Cycling in Sydney Australia
I thought I'd post this one a little early and here instead of in the Audax group on this site, give those that have not done an Audax ride the chance to get on board, get ready, get past the excuses.
The Loopy series offers a 100km, 200km, 300km and the surely very tiring 400km ride.
All rides start at Waitara, a roll from Waitara train station. No transport excuses for the car free.
Just quietly I'm considering the 300km ride.
Start times are 6:00am for all but the 100km ride which starts at 6:30am. These Audax rides are self supported, you bring your own food or buy it along the way. Water, fill up at checkpoints or places inbetween. To successfully complete any of these rides you must average above 15kmph but below 30kmph and have your brevet card (handed to you at the start) signed at each checkpoint.
Parts of each of these rides require Audax lighting and reflective vest rules to be followed. http://www.audax.org.au/public/images/stories/Documents/reflectiveg... & http://www.audax.org.au/public/images/stories/Documents/lightingreq.... If you do not comply you do not ride.
For those that have never ridden the M7 shared path on a Saturday morning it gets quite busy so max 2 abreast and give joggers the wide berth they expect. I ride it nearly everyday and it is the best piece of shared path in the Sydney region.
Ride info document and online entry not up yet but will post when I see them. Entry fee is $5 for members and $10 for non members.
the www.audax.org.au site has info on rides in general and a calendar of events.
Did you say "a chance to post your excuses"?
More rides for someone to O'void.
Would love to but not sure I can keep it under 30km/h.
Rules is rules I guess!
I've never done Audax and thinking of giving this a go. I'm looking at doing the 100km and have just read through the ride documents and it seems like the navigation has quite a few twists and turns, do you have any advice or tips on how to keep on track?
My order of preference:
1) Ride loads, and everywhere, so you pretty much know the route anyway
2) Cue sheet and a functioning cycle computer (navigating like this is actually very effective)
3) GPS, although you don't get to know the roads as well (see 1) and mine always seems to screw up somehow. I have recently just been carrying it in a jersey pocket and turning it on when I think I need it (but have not actually needed it)
4) Follow someone who you know knows the route, although you don't get to know the roads as well (see 1)
5) Print out maps (pain in the arse, but I still do it when I am on a new route but have never had to use them - bikemap.net is great for printing maps out, export them from bikely or bike route toaster as a gpx, import them into bikemap.net and print :))
Is the ride not signposted? I've already signed up for it. Don't have a bike computer so may have to ride the route in advance.
Nope. It's not like one of the big events. Just a group of people riding a set route with a time limit.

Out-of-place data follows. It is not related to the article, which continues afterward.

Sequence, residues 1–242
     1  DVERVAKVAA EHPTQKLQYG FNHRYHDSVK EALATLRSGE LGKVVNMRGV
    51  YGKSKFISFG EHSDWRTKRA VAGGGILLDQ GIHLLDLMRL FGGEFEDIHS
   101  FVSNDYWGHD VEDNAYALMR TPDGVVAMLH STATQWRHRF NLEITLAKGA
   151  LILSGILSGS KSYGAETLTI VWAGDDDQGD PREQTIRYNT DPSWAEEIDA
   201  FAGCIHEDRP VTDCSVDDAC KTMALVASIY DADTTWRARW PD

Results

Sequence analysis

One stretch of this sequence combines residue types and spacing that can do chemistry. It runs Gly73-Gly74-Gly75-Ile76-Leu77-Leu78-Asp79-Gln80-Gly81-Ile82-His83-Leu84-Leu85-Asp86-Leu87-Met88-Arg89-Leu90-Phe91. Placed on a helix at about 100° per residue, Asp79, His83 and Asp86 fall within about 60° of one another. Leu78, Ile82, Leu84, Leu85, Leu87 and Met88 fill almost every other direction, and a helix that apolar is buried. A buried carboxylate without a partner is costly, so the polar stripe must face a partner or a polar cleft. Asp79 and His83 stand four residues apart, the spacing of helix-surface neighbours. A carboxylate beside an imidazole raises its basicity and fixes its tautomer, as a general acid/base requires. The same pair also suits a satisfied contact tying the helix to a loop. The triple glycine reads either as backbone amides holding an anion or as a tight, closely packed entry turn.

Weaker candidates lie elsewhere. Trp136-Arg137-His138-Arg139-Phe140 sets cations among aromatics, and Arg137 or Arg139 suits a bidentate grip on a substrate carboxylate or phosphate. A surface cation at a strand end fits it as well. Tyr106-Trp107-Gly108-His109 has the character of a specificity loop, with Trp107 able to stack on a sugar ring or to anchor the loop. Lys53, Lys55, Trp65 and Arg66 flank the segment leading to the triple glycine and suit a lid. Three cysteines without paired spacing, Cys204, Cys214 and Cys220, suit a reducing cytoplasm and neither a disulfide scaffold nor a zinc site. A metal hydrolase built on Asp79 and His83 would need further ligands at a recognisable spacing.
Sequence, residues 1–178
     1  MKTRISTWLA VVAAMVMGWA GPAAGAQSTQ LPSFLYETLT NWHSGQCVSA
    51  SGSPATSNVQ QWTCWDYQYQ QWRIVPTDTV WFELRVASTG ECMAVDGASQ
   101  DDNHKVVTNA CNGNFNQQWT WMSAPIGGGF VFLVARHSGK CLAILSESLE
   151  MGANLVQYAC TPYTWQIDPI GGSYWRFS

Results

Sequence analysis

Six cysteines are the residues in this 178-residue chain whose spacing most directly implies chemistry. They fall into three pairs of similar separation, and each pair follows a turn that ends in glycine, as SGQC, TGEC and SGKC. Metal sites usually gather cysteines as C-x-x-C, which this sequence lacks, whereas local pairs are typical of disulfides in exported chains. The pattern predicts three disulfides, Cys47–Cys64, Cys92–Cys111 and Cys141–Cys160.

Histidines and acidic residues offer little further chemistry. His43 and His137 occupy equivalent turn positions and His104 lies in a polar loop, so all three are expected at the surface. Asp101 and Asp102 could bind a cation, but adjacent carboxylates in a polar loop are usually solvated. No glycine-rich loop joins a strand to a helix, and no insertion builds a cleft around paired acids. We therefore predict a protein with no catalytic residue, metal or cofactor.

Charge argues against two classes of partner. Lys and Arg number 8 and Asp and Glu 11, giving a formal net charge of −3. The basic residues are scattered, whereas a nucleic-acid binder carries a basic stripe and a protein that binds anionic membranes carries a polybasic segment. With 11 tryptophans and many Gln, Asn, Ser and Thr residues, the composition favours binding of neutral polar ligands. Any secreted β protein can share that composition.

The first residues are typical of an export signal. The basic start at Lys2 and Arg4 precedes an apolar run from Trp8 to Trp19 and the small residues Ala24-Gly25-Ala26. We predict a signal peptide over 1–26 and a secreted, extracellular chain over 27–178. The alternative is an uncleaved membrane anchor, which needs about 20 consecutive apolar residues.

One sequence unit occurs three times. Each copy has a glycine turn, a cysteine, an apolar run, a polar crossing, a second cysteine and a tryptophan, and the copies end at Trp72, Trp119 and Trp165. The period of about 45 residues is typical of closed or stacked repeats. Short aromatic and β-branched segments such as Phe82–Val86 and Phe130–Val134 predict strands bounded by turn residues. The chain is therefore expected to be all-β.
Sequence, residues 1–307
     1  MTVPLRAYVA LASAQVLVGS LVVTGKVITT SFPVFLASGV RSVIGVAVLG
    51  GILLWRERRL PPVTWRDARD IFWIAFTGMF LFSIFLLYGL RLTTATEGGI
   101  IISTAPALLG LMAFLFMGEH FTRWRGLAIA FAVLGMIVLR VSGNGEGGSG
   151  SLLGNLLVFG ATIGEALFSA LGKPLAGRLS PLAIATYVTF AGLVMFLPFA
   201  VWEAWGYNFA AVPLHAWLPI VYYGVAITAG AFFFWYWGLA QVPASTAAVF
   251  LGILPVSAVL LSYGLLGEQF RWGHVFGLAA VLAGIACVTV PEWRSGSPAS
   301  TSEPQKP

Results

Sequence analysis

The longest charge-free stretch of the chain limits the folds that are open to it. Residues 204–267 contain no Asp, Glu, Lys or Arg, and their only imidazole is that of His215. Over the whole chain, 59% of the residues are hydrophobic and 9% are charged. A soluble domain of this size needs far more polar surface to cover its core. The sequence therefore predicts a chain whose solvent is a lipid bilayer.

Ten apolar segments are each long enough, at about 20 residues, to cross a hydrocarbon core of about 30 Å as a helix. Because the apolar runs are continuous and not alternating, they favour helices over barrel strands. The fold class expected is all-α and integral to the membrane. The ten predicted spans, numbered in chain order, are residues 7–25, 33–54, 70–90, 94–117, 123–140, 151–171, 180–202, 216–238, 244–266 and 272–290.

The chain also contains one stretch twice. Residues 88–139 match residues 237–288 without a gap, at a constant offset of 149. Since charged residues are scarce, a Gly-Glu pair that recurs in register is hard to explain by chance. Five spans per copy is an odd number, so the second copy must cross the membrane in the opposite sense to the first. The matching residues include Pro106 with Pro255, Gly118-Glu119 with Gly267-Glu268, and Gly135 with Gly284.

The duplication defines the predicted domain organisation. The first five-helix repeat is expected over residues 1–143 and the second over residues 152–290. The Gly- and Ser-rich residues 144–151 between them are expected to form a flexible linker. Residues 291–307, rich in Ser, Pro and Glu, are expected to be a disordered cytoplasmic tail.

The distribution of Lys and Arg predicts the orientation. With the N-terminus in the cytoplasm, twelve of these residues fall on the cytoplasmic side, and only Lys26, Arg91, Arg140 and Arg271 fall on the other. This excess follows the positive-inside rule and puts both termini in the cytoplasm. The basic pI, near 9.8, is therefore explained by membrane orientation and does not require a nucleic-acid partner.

Step 5 :) and make liberal use of Google Maps/Streetview. Seriously, look at the turns on street view so you know what they (might - things change) look like.
Navigation skills are kind-of part of the audax thing. Self-sufficiency etc,
I go into a ride with 2 or 3 pieces of paper - one is the cue sheet, the others have a couple of screen shots off Google Maps for sections bits that might be a bit tricky or involve multiple intersection in quick succession.
Once you get out on to the open road out of the city you can go for many kilometres without having to make a turn. On my first audax there was a stretch from Old Northern Road, over Wiseman's Ferry, and then north to Mangrove Mountain where there were at least 50-60km where there weren't any need to look at the cue sheet or a map for help because there was only one way to go.
that is a good stretch Rob, loved it.
On the subject of carrying stuff, apart from cue sheet and distance measuring device I also carry many other things, to many possibly.
A few sandwiches, endurolytes, fizzy endurolytes, glucose tablets, 2 hours worth of gels, mulitool, tube, tyre lever things, glue and patches, pump, reflective bands and jacket (night), full first aid kit, energy bars, perpetuem powder, 2 front lights and batteries, helmet light, 2 tail lights plus spare tail light and batteries, cash, drivers licence and medicare card, sunscreen, bum cream, zinc cream, night glasses, sun glasses. Hopefully that is it, may have forgotten something. Oh a phone as well, used to carry a camera but hardly used it and my phone is good enough now.
Front rack bag carries food, rear rack back carries everything else. I could ride a lot lighter and then even get rid of a rack considering I rarely use all this stuff but I cannot get myself to unload any of it.
Carry this thinking over to my commute and you get to understand why I ride a Big Dummy, well that and a monstrously heavy portable computer.
full first aid kit
If you don't want to bother with this yourself, just make sure you ride with Rob, or a little ahead of him, so when you are lying on the side of the road in a bloody mess he can patch you up, has worked for me so far.